Vnder the shaddow of his Sword, may coole us:
Require him he advance it ore our heades;
Speak't in a womans key: like such a woman
As any of us three; weepe ere you faile;
lend us a knee;
But touch the ground for us no longer time
Then a Doves motion, when the head's pluckt off:
Tell him if he i'th blood cizd field, lay swolne
Showing the Sun his Teeth; grinning at the Moone
What you would doe.

Hip.
Poore Lady, say no more:
I had as leife trace this good action with you
As that whereto I am going, and never yet
Went I so willing, way. My Lord is taken
Hart deepe with your distresse: Let him consider:
Ile speake anon.

3. Qu.
kneele to Emilia.
O my petition was
Set downe in yce, which by hot greefe uncandied
Melts into drops, so sorrow wanting forme
Is prest with deeper matter.

Emilia.
Pray stand up,
Your greefe is written in your cheeke.

3. Qu.
O woe,
You cannot reade it there; there through my teares,
Like wrinckled peobles in a glasse streame
You may behold 'em (Lady, Lady, alacke)
He that will all the Treasure know o'th earth
Must know the Center too; he that will fish
For my least minnow, let him lead his line
To catch one at my heart. O pardon me,
Extremity that sharpens sundry wits
Makes me a Foole.

Emili.
Pray you say nothing, pray you,
Who cannot feele, nor see the raine being in't,
Knowes neither wet, nor dry, if that you were
The ground-peece of some Painter, I would buy you
T'instruct me gainst a Capitall greefe indeed
Such heart peirc'd demonstration; but alas
Being a naturall Sister of our Sex
Your sorrow beates so ardently upon me,
That it shall make a counter reflect gainst
My Brothers heart, and warme it to some pitty
Though it were made of stone: pray have good comfort.

Thes.
Forward to'th Temple, leave not out a Iot
O'th sacred Ceremony.

1. Qu.
O This Celebration
Will long last, and be more costly then,
Your Suppliants war: Remember that your Fame
Knowles in the eare, o'th world: what you doe quickly,
Is not done rashly; your first thought is more.
Then others laboured meditance: your premeditating
More then their actions: But oh Iove, your actions
Soone as they mooves as Asprayes doe the fish,
Subdue before they touch, thinke, deere Duke thinke
What beds our slaine Kings have.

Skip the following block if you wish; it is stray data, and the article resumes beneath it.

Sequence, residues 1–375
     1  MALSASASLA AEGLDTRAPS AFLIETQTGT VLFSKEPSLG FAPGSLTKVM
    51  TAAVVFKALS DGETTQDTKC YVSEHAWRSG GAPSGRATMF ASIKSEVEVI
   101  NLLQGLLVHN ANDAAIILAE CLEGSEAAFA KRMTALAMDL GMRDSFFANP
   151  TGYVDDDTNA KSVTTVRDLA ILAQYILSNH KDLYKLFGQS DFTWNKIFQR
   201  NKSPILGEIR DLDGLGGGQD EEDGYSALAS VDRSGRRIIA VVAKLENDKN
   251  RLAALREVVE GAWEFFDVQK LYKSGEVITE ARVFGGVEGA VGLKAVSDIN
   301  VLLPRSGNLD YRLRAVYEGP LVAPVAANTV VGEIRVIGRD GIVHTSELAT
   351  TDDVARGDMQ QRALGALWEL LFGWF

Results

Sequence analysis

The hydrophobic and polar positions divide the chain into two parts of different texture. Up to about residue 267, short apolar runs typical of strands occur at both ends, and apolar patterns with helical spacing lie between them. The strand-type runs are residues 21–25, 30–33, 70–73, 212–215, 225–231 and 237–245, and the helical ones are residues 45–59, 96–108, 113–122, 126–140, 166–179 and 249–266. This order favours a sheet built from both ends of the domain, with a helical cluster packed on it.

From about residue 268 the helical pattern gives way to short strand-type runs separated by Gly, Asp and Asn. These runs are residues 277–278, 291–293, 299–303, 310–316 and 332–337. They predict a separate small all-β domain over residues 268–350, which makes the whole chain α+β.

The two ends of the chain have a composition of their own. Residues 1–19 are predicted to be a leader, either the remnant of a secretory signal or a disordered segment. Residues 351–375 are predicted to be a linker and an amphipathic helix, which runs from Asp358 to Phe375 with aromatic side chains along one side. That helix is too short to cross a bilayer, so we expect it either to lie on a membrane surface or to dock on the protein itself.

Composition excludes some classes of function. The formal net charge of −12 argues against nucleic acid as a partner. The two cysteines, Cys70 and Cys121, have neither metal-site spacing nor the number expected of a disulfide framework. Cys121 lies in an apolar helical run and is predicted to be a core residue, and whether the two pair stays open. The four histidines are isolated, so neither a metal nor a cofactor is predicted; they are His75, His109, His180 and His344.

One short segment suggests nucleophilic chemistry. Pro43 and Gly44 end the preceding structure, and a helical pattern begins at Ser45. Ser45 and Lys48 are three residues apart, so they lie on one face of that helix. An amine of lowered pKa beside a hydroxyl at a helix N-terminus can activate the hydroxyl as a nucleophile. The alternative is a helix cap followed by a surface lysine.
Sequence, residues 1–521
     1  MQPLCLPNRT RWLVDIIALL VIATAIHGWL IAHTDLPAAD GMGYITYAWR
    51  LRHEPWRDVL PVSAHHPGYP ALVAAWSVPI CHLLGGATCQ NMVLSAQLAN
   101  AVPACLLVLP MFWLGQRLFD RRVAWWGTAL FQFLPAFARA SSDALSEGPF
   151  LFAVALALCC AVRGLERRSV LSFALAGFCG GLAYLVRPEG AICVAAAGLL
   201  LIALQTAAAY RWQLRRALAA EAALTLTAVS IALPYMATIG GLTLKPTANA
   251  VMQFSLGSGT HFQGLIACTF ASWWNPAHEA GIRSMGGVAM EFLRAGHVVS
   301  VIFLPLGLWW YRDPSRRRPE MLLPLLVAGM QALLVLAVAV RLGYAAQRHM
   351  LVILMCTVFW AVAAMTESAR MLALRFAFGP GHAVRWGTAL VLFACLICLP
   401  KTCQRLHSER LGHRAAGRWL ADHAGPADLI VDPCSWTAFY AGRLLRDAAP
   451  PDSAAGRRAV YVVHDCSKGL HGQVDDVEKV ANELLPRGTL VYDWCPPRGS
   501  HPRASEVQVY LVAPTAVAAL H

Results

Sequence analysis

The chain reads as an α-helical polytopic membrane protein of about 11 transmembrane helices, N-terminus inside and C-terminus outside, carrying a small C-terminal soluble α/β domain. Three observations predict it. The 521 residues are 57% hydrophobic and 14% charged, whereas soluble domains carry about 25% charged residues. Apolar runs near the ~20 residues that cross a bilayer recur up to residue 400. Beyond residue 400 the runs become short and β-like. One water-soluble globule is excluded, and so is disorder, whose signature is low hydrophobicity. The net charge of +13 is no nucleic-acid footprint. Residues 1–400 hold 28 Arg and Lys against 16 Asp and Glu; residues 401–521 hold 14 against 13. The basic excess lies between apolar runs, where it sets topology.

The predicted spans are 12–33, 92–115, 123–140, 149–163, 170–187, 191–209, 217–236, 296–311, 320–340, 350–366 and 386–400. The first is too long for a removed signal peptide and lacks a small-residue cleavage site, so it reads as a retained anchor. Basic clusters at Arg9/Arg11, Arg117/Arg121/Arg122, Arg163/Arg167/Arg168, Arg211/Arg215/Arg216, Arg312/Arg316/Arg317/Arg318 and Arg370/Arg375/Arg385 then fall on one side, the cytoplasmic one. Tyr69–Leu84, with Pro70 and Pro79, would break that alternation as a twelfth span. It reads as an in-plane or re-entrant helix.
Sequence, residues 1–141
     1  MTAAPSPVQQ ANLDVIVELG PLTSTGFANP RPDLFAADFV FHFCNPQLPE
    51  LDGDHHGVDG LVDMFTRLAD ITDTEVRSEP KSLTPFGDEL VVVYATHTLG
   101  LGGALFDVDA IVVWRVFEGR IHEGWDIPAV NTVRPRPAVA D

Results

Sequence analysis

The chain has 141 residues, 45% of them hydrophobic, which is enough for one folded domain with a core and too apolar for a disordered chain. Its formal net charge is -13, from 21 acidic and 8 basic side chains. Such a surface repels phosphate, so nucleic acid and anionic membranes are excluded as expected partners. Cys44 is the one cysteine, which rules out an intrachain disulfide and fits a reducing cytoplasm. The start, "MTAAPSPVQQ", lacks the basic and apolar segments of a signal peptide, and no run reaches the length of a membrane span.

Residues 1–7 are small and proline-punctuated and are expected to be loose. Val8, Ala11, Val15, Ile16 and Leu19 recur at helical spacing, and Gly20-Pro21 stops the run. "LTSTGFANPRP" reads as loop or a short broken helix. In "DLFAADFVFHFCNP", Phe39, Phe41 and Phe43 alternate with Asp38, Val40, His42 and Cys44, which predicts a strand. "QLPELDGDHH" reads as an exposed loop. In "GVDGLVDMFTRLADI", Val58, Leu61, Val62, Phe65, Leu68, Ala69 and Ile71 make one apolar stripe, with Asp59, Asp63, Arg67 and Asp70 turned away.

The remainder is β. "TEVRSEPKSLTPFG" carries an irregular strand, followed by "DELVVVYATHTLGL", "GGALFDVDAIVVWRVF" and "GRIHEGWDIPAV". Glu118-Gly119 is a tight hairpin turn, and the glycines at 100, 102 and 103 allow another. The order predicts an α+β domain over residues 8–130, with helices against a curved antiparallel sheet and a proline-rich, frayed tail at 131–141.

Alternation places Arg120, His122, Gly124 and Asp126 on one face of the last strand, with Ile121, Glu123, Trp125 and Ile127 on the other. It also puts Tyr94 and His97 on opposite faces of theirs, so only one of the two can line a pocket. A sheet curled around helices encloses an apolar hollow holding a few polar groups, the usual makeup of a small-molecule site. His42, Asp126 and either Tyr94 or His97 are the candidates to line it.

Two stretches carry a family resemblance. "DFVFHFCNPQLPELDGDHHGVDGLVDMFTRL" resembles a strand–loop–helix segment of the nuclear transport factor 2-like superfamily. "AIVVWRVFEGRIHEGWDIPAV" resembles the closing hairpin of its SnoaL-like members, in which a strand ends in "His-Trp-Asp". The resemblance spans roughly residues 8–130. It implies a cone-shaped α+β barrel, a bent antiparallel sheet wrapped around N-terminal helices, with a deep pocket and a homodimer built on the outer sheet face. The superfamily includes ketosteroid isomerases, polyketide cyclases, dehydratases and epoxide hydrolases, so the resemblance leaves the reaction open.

2. Qu.
What greifes our beds
That our deere Lords have none.

3, Qu.
None fit for'th dead:
Those that with Cordes, Knives, drams precipitance,
Weary of this worlds light, have to themselves
Beene deathes most horrid Agents, humaine grace
Affords them dust and shaddow.

1. Qu.
But our Lords
Ly blistring fore the visitating Sunne,
And were good Kings, when living.

Thes.
It is true.
and I will give you comfort,
To give your dead Lords graves: / The which to doe,
must make some worke with Creou;

1. Qu.
And that worke
presents it selfe to'th doing:
Now twill take forme, the heates are gone to morrow.
Then, booteles toyle must recompence it selfe,
With it's owne sweat; Now he's secure,
Not dreames, we stand before your puissance
Wrinching our holy begging in our eyes
To make petition cleere.

2. Qu.
Now you may take him,
Drunke with his victory.

3. Qu.
And his Army full
Of Bread, and sloth.

Thes.
Artesuis that best knowest
How to draw out fit to this enterpise,
The prim'st for this proceeding, and the number
To carry such a businesse, forth and levy
Our worthiest Instruments, whilst we despatch
This grand act of our life, this daring deede
Of Fate in wedlocke.

1. Qu.
Dowagers, take hands
Let us be Widdowes to our woes, delay
Commends us to a famishing hope.

All.
Farewell.

2. Qu.
We come unseasonably: But when could greefe
Cull forth as unpanged judgement can, fit'st time
For best solicitation.

Thes.
Why good Ladies,
This is a service, whereto I am going,
Greater then any was; it more imports me
Then all the actions that I have foregone,
Or futurely can cope.

1. Qu.
The more proclaiming
Our suit shall be neglected, when her Armes
Able to locke Iove from a Synod, shall
By warranting Moone-light corslet thee, oh when
Her twyning Cherries shall their sweetnes fall
Vpon thy tastefull lips, what wilt thou thinke
Of rotten Kings or blubberd Queenes, what care
For what thou feelst not? what thou feelst being able
To make Mars spurne his Drom. O if thou couch
But one night with her, every howre in't will
Take hostage of thee for a hundred, and
Thou shalt remember nothing more, then what
That Banket bids thee too.

Hip.

Though much unlike